ASFA’s proposal for a new federation step in the right direction
What has ASFA accomplished in what may well turn into its last year of existence?
Should we talk about the Mei-Ling sexual harassment case peppered with sexist and racist slurs that was settled recently? Should we reminisce about Frosh (which we now have to call Launch Week), which reportedly cost over $80,000 for a select few froshies—sorry, launchies—while the rest of the federation looked on in sad exclusion. Or should we dabble in the conversations of consistently over-budget events, the revolving door of executives who tend to quit mid-council meeting, or about the alleged misuse of ASFA funds for personal gain, as ASFA reported in its own proposal to reform itself?
Sure, ASFA has been known to throw the occasional wine and cheese event, or to hand money out to its member associations to throw food and various types of goodies at students. But when was the last time the positive news outweighed the bad news coming out of the student federation?
It’s not that we here at The Concordian have been ignoring it. It simply doesn’t exist. There aren’t any positive things to report on. New execs come in, promising change and a better and brighter future, only to get bogged down with the ongoing issues and quickly lose steam, positivity, and willingness to try and turn that ship around. After all, there is only so much you can do when the vessel is already half-sunk.
Which brings into question the usefulness of ASFA.
After all, what crime has the organization not been found guilty of? As academic terms come and go, leadership changes hands again and again, and yet ASFA’s list of infractions only grows. It’s not a question of nuts and bolts or errant bad apples anymore: something has set into the bones, and it’s permeated the very structure of the association as a whole. Something smells, and students are bound to be getting tired of that funk.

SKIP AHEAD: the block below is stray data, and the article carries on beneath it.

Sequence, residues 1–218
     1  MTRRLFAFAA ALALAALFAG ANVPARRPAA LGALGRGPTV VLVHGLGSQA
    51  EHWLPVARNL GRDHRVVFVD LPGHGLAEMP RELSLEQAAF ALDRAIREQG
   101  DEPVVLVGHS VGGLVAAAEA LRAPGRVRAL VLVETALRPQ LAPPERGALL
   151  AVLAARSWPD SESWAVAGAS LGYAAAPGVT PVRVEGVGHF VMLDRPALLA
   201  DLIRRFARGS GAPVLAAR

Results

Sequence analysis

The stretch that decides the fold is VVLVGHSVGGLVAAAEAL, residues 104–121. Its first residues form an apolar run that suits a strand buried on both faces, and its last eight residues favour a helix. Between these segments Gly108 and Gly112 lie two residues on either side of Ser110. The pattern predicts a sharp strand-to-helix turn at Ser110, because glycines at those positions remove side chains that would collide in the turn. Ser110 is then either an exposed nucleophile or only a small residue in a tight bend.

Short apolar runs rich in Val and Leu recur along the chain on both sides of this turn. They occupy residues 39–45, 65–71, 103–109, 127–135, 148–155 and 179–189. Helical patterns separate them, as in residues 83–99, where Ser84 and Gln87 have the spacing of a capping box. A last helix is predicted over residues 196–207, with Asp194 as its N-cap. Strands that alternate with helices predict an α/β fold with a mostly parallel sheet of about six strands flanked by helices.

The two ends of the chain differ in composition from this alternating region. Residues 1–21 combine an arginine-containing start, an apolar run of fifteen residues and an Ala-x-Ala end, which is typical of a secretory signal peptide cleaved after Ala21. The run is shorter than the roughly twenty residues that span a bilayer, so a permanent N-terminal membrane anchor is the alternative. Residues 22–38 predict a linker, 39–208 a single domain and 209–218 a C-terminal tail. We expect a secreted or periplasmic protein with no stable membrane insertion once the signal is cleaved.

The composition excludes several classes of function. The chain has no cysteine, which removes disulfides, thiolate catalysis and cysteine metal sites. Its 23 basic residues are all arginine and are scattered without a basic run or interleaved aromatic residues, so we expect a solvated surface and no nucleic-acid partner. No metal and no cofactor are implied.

After all, these are not petty crimes. While there can be little denying that there is a toxic culture within the organization itself, it was clearly given a ripe environment to grow.
Fortunately, ASFA is finally working on ways to actually systematically change itself rather than hoping the incoming executives—this time surely—will really be able to make a difference.
This week, ASFA passed a motion asking its lawyers to draft bylaws for a new ASFA: one whose role is grounded in financials and support for more independent member associations, and it is a step they should be applauded for.
But it is only the first step of many: those associations still have to discuss with their constituents, and then vote on whether or not the bylaws should be put to a referendum, and if so, it then has to make quorum and actually pass. Already associations are showing their lack of faith in ASFA to do any more than continue to downwards spiral, such as the Political Science Students Association, who last week voted to become independent from ASFA.
Maybe ASFA’s lawyers will be able to draft a new federation which will rise from the ashes like the phoenix it dreams of being.
However, all of this hinges on the bylaws that are drafted being acceptable.
Not everyone agreed that ASFA needs a page-one rewrite. After all, it’s easier to try to change something than it is to build from scratch, right?
But that’s exactly what ASFA needs: a complete overhaul, likely from scratch, to rework and remake the federation. Only then can we—the Concordia community—be sure that something will change.
Maybe ASFA will be able to be like its asfa.ca website. Deleted, only to (one day) return better than ever.
We are done airing out ASFA’s dirty laundry: it’s time to throw it out. All of it. And rebuild.